Advent is Almost Here

What will the days between Thanksgiving Day and Christmas Day be like for you?

Busy?

Will there be shopping to do? parties to prepare for? family meals to prepare? decorations to get out of the storage boxes and arrange on a tree, in the house, in the yard, and/or on the house? It could almost make one tired just thinking about what can go on during these next weeks.

On the church calendar we call most of these days Advent. The first Sunday of Advent this year comes in a few days on December 1, 2019.

So during these busy days of November and December how will you nourish your spirit?  What will Advent be for you?

This past Lent I passed on a few resources for Lenten readings and practices and I wondered if it might be worthwhile to share a couple of items as we move into Advent.

First, A few days ago I learned that Renovaré is offering a free download of a short book of meditations for Advent. What is interesting to me is that writers offer not only words for us but also images. Each of the four meditations includes a classical work of art for our reflection and meditation – visio divina – divine or sacred seeing.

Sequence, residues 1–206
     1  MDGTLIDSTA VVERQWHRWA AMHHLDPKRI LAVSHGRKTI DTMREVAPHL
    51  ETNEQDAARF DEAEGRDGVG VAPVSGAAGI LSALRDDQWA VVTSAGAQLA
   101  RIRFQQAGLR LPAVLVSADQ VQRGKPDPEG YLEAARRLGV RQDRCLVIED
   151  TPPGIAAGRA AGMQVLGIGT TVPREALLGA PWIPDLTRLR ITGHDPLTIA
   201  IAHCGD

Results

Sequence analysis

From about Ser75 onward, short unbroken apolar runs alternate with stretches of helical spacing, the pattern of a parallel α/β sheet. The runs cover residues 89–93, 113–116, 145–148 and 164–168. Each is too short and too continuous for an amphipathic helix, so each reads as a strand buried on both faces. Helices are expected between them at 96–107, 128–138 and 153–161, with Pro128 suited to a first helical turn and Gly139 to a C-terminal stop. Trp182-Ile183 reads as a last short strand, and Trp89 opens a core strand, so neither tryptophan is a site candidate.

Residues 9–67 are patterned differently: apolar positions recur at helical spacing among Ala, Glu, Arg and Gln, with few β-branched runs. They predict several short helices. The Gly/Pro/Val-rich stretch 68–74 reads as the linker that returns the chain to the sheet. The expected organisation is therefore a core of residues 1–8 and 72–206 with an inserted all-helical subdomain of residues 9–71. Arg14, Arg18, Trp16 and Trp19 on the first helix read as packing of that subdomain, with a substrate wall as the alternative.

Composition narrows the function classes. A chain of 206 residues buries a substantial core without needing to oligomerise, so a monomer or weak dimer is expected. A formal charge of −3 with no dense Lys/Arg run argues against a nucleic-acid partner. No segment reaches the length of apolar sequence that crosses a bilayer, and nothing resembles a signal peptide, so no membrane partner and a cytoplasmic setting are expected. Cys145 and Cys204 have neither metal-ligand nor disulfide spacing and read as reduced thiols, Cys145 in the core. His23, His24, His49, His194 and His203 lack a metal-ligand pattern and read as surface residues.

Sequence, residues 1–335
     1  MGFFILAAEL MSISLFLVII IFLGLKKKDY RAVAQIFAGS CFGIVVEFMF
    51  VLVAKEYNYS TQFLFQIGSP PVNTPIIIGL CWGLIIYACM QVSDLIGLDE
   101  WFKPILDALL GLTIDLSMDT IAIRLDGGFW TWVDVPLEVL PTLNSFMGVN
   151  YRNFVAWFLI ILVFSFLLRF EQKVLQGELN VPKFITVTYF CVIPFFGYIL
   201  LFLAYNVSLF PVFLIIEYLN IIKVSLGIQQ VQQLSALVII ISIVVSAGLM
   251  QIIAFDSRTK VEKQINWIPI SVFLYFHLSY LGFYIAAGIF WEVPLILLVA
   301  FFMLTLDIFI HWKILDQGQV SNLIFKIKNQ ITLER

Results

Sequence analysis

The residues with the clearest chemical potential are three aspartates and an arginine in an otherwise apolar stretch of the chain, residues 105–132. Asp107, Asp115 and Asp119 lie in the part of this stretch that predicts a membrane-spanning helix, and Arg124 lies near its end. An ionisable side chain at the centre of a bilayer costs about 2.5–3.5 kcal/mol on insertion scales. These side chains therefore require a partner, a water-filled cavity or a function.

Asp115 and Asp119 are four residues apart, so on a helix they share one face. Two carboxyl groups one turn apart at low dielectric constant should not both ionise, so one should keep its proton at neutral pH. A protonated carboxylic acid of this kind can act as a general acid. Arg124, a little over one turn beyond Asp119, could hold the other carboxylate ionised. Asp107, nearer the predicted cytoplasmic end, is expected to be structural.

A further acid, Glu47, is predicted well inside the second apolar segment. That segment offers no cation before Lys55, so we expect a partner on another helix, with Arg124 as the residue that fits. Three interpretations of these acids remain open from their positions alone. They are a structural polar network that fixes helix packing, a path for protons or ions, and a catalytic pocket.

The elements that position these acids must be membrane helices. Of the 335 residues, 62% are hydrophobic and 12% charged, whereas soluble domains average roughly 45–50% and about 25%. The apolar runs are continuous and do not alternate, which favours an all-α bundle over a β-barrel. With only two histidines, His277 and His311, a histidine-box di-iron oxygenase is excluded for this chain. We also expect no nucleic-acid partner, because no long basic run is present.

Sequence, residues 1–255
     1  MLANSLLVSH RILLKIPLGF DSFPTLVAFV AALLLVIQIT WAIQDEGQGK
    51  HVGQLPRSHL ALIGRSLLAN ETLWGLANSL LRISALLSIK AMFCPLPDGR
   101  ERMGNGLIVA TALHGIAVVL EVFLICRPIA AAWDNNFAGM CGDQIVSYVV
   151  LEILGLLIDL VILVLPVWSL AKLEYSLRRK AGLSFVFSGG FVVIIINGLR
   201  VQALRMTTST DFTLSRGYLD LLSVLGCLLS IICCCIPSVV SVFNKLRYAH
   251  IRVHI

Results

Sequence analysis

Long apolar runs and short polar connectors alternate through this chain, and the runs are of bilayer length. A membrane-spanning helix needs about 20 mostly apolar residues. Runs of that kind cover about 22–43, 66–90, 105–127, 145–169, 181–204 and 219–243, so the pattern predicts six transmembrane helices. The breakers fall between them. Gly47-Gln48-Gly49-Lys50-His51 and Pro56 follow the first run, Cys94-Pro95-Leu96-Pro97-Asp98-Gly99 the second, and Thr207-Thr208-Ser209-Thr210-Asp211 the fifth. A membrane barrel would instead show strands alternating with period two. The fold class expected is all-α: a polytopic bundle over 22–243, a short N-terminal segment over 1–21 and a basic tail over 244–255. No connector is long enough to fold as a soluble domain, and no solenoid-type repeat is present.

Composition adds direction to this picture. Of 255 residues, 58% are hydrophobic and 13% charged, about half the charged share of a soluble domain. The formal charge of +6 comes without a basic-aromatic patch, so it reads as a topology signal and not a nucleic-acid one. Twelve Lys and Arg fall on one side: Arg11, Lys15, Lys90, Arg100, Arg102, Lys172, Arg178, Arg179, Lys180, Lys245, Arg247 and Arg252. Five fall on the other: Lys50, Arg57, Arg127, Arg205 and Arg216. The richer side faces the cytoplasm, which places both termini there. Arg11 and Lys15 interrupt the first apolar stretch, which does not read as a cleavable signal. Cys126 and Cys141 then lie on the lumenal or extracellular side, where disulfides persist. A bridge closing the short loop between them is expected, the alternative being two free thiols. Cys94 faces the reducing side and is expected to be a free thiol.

To access the free download visit – https://renovare.org/books/meditations-on-the-birth-of-jesus

If you are not familiar with Renovaré (which grew out of the work of Richard Foster) this would be a good time to visit their site and explore their offerings. One such is the book A Spiritual Formation Workbook: Small Group Resources for Nurturing Christian Growth by James Bryan Smith, Lynda L. Graybeal. It has great guidelines for starting a spiritual formation group.

Next, at Praying in Color you can find resources for Advent Calendars and Advent Paper Chains and on the website learn something about what “praying in color” is about and what it might offer you.

Finally, do you like poetry? Then you should see what poems the Englewood Review of Books is offering each week that connect with the lectionary readings. The page got my full attention by posting the following quote from Walter Brueggemann –

“Freedom, justice, peace, and abiding joy [emerge]
when the poet comes, when the poet speaks,
when the preacher comes as poet.”

If you don’t think you like poetry, why not visit the page anyway. You might discover a new way of hearing the truths of Advent and the Gospel.

Take some time and see if any of these practices might nourish you this Advent.

charles

{ubi caritas et amor, Deus ibi est}



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